Readers also need to keep in mind that Yubico comes at a price that most security conscious online consumers can afford.
Of course, if you are one of those users who have set their eyes on the laundry list of features and capabilities of YubiKey which are not available in Security Key from Yubico and are also drooling over them and/or reaching over to get your credit card, our advice is to simply skip the Yubico Security Key and simply shell out whatever extra cash is required for Yubikey.
Moreover, if you are actually the head of the IT department and are looking for one single and unique solution to all of your two-factor authentication needs, then it is a good idea to simply skip the Yubico Security Key.
Yubico Security Key appearance and usage
As mentioned earlier as well, the official Security Key from Yubico has textured blue plastic.
It is grippy on the user’s fingers and is, generally, good.
More specifically, the whole security key device feels pretty solid despite the fact that it weighs just over 3 grams.
The material on its body hides the user’s fingerprints along with wear and tear.
And your Yubico Security Key will get plenty of that since, as it is designed, users would probably have it hanging on one of their key rings.
Our research shows that the flat design of the Yubico Security Key also means that it is easy to hang with other things/keys on a given ring.
That feature is in contrast to YubiKey 5C which is bulkier.
However, just like its other YubiKey cousins, the Yubico Security Key is waterproof and crush proof.
It doesn’t have any moving parts.
Hence, theoretically speaking, it will never run out of electricity.
That’s because it doesn’t really have any batteries.
Yubico Security Key does not require the user to have Wi-Fi and/or LTE.
Readers should take those last two features that we have mentioned seriously because they are big advantages.
Especially over other authenticator apps.
As for using the Yubico Security Key, the whole process is pretty much a snap.
All that users have to do is to head towards a given website which has support for security keys to use with two-factor authentication.
Then users should look for that option which enables them to enroll a completely new security key.
After that, the site should prompt the user to insert his/her key into a given USB port.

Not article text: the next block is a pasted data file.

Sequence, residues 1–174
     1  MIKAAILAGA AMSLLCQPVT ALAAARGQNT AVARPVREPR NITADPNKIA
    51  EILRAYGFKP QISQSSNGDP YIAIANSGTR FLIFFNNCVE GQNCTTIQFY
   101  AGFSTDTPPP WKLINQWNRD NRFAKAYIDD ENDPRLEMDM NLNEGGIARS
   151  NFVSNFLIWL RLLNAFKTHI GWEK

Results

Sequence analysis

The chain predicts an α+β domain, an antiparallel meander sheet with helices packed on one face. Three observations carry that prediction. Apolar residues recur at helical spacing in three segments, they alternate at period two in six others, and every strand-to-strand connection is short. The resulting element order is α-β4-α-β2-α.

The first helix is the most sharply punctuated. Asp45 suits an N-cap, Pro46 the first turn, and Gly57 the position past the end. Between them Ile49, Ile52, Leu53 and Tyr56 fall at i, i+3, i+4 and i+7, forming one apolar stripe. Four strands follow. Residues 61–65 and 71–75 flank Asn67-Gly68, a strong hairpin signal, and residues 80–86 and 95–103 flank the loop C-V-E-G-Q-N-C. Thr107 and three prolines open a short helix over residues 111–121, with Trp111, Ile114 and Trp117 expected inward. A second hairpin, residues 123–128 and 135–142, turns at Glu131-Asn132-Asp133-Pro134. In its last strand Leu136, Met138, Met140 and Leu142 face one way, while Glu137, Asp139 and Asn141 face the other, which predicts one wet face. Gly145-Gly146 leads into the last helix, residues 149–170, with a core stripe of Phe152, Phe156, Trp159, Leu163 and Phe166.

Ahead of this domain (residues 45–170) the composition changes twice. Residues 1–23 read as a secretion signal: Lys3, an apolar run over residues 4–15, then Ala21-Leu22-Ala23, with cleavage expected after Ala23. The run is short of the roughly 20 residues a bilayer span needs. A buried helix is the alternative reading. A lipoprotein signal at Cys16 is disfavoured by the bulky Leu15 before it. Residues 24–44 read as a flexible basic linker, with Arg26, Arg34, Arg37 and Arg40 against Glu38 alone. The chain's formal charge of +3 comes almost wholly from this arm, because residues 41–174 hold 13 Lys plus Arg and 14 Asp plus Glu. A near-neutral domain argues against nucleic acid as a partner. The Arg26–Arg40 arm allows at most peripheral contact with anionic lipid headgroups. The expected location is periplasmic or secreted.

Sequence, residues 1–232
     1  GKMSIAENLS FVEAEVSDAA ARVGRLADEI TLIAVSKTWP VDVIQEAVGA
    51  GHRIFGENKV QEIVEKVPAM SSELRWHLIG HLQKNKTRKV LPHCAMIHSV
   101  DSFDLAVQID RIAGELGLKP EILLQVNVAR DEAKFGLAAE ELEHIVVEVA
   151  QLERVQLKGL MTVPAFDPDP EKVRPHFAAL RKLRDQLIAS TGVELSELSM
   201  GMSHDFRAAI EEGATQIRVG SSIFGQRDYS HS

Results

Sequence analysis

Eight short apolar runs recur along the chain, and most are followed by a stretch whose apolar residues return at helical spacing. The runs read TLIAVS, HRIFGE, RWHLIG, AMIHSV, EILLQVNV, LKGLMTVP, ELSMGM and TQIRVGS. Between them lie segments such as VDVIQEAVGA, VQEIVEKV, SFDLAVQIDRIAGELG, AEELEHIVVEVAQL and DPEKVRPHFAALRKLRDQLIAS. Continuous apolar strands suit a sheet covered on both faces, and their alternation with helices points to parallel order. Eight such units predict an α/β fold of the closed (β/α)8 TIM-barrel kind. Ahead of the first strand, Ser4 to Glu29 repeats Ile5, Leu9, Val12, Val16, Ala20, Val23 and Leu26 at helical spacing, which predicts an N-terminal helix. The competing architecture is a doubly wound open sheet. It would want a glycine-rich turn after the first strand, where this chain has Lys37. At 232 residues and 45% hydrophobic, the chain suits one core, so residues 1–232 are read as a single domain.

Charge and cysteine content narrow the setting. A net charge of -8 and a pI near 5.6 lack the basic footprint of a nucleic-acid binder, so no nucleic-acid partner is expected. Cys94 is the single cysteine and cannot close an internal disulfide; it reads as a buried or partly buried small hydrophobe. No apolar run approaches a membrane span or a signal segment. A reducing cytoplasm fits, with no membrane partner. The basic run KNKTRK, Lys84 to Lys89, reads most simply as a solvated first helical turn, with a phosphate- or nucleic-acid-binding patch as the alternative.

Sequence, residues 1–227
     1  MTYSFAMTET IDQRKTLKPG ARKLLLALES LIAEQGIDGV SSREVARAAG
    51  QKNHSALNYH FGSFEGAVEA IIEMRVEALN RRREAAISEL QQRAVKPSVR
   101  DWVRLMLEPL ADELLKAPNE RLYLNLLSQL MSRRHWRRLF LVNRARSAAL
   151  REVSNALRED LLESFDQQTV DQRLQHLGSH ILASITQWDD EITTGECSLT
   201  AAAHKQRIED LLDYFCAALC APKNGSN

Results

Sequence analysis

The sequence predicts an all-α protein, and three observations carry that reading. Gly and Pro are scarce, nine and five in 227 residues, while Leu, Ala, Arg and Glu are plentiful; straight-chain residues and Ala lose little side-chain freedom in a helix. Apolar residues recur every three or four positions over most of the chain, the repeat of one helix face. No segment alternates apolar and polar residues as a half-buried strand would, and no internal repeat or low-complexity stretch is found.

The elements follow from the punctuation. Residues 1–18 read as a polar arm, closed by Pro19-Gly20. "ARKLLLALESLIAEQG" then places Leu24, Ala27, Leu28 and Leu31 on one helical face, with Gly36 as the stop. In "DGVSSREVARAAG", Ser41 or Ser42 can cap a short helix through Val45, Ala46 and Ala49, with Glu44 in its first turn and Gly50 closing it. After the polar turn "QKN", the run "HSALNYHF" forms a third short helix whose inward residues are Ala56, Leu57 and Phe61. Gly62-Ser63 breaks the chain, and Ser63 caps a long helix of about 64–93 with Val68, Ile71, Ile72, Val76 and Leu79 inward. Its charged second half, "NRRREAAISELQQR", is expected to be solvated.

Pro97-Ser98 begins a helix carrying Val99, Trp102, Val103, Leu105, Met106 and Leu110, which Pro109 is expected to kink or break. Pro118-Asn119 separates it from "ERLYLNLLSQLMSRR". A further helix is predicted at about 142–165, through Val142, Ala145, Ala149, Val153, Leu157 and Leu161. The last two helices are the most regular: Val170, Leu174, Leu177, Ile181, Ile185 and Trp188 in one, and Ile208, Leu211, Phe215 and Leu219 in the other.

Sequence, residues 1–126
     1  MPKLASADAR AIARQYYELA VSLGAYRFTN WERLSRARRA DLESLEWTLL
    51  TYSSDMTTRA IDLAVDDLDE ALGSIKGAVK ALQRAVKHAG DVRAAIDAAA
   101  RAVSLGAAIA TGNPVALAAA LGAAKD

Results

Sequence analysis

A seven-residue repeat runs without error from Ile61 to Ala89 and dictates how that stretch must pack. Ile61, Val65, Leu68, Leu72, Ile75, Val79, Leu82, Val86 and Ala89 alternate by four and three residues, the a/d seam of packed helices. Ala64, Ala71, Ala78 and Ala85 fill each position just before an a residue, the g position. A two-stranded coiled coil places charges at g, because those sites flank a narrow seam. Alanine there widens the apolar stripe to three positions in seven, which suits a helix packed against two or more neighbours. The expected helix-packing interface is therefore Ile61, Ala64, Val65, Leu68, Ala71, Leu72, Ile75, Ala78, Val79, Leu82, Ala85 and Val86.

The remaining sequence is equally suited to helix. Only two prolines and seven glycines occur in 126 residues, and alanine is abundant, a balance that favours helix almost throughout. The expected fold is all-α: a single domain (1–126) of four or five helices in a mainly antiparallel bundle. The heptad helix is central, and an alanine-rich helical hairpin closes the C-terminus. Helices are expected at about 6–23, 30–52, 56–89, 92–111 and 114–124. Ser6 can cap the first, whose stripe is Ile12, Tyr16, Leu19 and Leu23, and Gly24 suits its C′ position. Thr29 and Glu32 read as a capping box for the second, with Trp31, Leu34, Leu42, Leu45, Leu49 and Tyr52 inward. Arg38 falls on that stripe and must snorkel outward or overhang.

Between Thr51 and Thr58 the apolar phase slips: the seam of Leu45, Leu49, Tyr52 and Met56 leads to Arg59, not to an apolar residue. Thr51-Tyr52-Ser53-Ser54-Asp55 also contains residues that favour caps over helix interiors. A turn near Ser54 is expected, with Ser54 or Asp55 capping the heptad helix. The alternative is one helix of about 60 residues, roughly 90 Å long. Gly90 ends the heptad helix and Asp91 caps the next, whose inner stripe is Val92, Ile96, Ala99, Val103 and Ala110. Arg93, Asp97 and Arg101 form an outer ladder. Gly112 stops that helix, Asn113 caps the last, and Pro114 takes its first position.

When that’s done, the user may have to tap the Yubico Security Key’s gold disk thing.
And that is all.
Now, the key should have enrolled.
The next time when the user makes an attempt to log in to that specific site, the site would request the user for his/her password and would then prompt the user to insert and then tap his/her security key.
Once the user has done that, he/she is practically in.
Our research shows that Yubico Security Key should not give any problems to users on sites such as,
In fact, with such services, we believe Yubico Security Key should work flawlessly.
One other thing that readers should note here is that some online services may, in fact, require them to create some backup codes.
That should not be a problem for anyone because even if a website doesn’t ask you to, it is a good idea to have them someplace safe.
Some online services may require a valid phone number in order to use with backup authentication through SMS.
Some users like to have lots of options available.
And good luck to them because it never hurts to have a number of different ways to authenticate and/or confirm a given account.
Readers should also note that the majority of the modern web browsers now fully support U2F.
However, for reasons of its own Firefox actually disables U2F support because of its default settings.
Click here to go to the official Yubico website and read a guide on how to handle activating U2F support for excellent web browsers such a the one from Mozilla.
On the other hand, even though we have mentioned the U2F protocol a lot of times (and there is no doubt about the fact that more and more services and applications are supporting it), it isn’t really ubiquitous.
A lot of services still do not support it.